Photo Memories

Reflections on an artwork related to the Passover holiday, evoking memories of families known and unknown.
3 minutes reading time (590 words)

Passover, Monday 22 April 1940

It's said that "memory" is an engrossing theme for Jews ...

It's the first night of Pesach, Monday 22 April 1940. The photo with the women at the right is of the Hershfield family seder. Zaideh officiates, flanked by two grandsons, and Baba is to his left. Their sons and daughters-in-law are ranged at the table in descending ages.  My father Leible, age 31, is 3rd from bottom left; my mother Babe, his 23 year old bride of six months, is 2nd from bottom right. Two grandsons and a grand-daughter at the foot of the table, an infant grandson in the carriage in the kitchen. On the fridge sits the precious samovar that Baba and Zaideh brought with them to Winnipeg from Zhitomir in 1910, and that I've seen at my cousins' all my life. I'm years away from being born.b2ap3_thumbnail_03a_Hershfield-photo.png

Through a YIVO "share" on Facebook, I find a photo held by Yad Vashem of another family seder, this one in Warsaw that same Monday 22 April 1940. The similarity between the photos is unbalancing, foreboding: women on one side men on the other line the linen covered table, wine-filled kiddush cups, candles, plates of matzah, women bare-headed, men with Fedoras, haggadahs, even flowers on the Warsaw table. A time of celebration, a time of despair, a few goose-steps away from being burnt to a crisp.

Hershfield family seder, 22 April 1940, Winnipeg, Canada

 Memory weaves in and out of my conceptual image-making. I gather, save, archive. My work is digital: I photograph, download, alter and manipulate in Photoshop, scan, import my writing from Illustrator, and then produce inkjet prints on archival paper with archival inks. These days, I'm  also sending image files on-line to the photo lab at Costco. Yet with these two Passover photos I couldn't bear to do anything manipulative except for a bit of dodging here and there, trying to bring some life to even one of those Warsaw faces. And, yes, I did repair a rip in the Warsaw photo: their lives were torn from them, but the image of them needn't be torn. Besides, who knows when the photo was damaged, perhaps at some careless moment decades after the shutter clicked. Hardly worth curatorial agonizing.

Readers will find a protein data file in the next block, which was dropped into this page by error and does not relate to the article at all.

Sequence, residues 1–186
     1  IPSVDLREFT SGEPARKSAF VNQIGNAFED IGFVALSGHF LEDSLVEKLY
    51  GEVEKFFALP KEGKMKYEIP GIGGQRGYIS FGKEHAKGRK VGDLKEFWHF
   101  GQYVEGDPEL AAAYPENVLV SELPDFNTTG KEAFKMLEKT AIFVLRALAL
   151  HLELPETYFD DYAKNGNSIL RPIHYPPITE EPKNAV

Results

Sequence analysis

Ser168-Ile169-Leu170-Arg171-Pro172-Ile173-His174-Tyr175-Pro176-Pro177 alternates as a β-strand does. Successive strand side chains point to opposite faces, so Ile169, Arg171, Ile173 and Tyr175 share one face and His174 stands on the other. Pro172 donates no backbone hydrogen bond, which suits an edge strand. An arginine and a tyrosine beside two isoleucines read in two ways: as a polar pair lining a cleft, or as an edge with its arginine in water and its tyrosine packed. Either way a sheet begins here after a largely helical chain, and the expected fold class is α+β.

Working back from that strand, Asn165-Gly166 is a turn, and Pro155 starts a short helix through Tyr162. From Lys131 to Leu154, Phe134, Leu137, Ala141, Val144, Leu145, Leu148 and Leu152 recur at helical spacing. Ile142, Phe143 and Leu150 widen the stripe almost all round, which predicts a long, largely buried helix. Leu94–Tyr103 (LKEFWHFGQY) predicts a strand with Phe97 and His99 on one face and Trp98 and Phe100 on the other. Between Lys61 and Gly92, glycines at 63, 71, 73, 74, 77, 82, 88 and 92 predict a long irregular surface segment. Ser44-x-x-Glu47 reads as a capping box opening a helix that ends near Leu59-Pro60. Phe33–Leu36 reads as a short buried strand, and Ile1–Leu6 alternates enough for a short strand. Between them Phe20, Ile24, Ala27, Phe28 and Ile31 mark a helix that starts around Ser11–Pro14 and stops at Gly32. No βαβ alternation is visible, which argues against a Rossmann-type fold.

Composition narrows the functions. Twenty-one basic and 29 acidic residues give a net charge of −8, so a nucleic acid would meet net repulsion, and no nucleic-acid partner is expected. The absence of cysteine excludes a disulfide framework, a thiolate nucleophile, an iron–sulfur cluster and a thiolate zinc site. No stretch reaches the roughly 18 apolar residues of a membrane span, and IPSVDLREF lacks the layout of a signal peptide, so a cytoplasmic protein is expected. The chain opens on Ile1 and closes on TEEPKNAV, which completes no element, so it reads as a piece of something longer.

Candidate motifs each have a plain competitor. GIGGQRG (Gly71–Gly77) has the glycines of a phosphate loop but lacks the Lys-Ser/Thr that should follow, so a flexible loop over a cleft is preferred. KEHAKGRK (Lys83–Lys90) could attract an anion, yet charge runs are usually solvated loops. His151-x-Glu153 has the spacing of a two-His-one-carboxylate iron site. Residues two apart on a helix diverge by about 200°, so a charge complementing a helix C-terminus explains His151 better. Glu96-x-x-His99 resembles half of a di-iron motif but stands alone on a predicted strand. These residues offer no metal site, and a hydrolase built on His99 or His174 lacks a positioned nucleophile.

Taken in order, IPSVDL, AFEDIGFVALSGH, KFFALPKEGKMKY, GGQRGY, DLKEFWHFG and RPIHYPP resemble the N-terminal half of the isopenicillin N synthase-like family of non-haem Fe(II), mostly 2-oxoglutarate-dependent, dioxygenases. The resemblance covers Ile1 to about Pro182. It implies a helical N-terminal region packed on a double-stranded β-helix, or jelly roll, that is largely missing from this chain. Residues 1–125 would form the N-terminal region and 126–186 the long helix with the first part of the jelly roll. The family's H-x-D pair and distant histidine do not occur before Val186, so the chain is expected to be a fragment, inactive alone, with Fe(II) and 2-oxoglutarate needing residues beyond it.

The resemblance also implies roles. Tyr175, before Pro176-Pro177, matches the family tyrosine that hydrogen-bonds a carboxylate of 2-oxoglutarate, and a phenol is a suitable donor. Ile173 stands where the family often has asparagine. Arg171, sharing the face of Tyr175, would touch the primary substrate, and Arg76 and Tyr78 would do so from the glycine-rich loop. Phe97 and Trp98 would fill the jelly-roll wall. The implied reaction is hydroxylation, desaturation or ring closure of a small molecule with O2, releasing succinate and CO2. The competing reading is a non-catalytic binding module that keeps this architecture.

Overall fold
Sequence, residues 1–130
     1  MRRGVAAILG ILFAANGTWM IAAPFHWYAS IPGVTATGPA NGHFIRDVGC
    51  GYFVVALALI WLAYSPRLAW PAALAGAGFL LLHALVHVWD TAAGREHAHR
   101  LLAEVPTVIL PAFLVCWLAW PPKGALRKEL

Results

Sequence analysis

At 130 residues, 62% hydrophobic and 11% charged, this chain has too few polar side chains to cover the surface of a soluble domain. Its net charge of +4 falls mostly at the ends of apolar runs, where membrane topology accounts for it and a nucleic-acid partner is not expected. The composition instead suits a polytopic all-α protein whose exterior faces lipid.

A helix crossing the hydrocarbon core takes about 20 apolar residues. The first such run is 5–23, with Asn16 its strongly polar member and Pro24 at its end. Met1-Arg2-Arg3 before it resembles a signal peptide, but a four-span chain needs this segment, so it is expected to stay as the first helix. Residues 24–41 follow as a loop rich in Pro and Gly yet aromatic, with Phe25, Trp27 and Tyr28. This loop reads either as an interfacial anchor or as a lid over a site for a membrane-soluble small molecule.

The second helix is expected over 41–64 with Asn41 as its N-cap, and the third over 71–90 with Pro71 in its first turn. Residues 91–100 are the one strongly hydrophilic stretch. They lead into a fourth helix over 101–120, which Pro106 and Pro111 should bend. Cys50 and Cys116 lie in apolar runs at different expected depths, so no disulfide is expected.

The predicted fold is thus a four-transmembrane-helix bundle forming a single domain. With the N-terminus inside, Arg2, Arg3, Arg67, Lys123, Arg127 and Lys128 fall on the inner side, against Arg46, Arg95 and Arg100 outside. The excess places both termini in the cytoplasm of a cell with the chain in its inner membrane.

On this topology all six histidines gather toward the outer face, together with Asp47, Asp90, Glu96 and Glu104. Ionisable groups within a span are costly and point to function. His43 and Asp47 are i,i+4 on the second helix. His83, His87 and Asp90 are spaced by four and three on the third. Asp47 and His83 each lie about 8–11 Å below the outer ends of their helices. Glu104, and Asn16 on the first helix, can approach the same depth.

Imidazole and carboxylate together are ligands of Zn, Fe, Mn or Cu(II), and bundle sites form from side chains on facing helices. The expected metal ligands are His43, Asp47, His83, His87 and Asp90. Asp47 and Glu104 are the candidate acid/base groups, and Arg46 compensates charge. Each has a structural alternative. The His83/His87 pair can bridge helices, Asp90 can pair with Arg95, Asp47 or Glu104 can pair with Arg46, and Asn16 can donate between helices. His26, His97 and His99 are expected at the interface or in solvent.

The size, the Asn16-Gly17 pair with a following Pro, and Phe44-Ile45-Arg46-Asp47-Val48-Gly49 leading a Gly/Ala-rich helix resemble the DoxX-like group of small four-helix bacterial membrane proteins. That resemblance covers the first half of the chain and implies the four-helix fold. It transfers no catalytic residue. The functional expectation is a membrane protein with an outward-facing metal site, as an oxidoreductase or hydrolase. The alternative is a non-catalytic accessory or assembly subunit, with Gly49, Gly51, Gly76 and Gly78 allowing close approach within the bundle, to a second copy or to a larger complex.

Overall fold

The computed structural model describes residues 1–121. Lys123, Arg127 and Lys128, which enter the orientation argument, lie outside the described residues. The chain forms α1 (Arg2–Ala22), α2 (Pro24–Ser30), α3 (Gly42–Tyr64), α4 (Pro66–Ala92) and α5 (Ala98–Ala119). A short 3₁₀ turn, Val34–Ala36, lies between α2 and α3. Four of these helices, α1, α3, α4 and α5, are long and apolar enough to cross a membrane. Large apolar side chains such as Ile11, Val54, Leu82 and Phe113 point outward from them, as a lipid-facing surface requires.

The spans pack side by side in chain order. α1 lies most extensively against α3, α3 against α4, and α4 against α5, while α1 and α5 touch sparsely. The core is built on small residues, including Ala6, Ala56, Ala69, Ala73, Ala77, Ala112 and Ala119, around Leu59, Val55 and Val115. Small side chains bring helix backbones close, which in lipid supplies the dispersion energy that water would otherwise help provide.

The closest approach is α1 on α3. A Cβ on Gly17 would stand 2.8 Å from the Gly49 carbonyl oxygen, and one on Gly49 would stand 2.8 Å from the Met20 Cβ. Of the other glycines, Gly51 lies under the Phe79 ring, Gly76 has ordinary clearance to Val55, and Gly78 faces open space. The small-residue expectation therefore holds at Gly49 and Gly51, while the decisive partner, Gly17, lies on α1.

Unknown family seder, 22 April 1940, Warsaw b2ap3_thumbnail_03b_Warsaw-photo.png

My dear family almost all gone now. Those dear unknowns from the ghetto for whom, perhaps, this seder was their last, most likely gone, too. Unknown, unknowable, unbearable.  Not even identified the way Leible did on the back of our family snapshot.

In my print Passover, Monday 22 April 1940, I juxtaposed the photos to highlight and focus on the immense mystery of it all, not the myths and stories of the Passover, but the painful mystery of that Warsaw family, it's disappearance, who they were, what they meant to one another, what they did, who loved and who resented whom, what might have been, what was never to be. Some of the women could be as young as my mother, but no one looks happy, and no one looks at the  camera capturing them forever.  For me and I hope for you, dear reader, the focus is also on a mystery equally as great as that of the Warsaw family, that of the inexorable passage of time that will turn us all eventually into dust.

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Passover, Monday 22 April 1940
Inkjet from a digital matrix, on Fujicolor Crystal Archive paper, 18" x 12," 2013

 

 

For a larger view of this image, please click here.

 

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